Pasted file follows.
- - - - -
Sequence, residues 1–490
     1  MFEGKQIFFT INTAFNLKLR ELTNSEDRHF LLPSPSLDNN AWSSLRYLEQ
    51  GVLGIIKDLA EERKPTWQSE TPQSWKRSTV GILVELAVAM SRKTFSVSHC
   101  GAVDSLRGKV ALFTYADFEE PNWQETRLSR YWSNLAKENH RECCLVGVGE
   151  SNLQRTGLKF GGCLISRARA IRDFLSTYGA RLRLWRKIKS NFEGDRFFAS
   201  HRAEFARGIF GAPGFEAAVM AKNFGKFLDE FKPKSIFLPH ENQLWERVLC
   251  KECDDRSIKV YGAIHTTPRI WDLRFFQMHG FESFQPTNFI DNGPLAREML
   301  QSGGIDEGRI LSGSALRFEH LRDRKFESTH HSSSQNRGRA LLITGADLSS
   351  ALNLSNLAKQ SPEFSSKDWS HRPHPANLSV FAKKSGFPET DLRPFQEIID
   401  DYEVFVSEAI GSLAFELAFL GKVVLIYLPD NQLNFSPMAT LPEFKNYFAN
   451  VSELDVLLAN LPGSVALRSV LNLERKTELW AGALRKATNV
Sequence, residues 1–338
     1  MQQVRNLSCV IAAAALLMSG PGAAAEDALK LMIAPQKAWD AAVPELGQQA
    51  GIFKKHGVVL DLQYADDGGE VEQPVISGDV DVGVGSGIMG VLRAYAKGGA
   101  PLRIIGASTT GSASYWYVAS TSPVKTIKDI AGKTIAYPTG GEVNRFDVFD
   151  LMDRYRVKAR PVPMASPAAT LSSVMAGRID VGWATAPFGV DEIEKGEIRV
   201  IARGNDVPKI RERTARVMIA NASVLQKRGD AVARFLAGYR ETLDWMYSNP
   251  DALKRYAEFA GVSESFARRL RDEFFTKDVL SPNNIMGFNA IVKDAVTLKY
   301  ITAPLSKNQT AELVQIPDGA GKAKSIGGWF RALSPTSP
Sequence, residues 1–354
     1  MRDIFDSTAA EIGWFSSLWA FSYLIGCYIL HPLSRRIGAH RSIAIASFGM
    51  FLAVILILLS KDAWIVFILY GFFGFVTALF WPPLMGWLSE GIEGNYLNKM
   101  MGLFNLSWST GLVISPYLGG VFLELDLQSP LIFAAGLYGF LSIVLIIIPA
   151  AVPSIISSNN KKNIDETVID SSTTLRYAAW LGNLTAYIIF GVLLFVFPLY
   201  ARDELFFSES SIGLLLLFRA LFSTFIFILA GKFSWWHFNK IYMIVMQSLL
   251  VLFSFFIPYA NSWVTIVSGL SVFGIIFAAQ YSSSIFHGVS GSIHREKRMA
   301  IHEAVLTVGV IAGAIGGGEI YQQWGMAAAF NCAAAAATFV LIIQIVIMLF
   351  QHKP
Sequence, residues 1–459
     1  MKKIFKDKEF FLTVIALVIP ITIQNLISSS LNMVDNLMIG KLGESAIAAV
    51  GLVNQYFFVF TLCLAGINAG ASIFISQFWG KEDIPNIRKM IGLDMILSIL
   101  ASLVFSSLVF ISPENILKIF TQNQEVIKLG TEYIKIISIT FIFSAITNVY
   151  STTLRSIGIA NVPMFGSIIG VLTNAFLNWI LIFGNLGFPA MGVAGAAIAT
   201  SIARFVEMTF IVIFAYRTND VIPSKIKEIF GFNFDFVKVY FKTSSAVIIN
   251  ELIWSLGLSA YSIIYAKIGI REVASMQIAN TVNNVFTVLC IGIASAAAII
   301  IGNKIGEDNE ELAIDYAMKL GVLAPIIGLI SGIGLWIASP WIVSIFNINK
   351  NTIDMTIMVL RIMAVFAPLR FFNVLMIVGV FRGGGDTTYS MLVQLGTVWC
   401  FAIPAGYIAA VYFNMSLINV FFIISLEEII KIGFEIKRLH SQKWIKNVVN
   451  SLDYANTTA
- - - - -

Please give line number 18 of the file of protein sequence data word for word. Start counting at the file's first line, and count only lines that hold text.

   251  DALKRYAEFA GVSESFARRL RDEFFTKDVL SPNNIMGFNA IVKDAVTLKY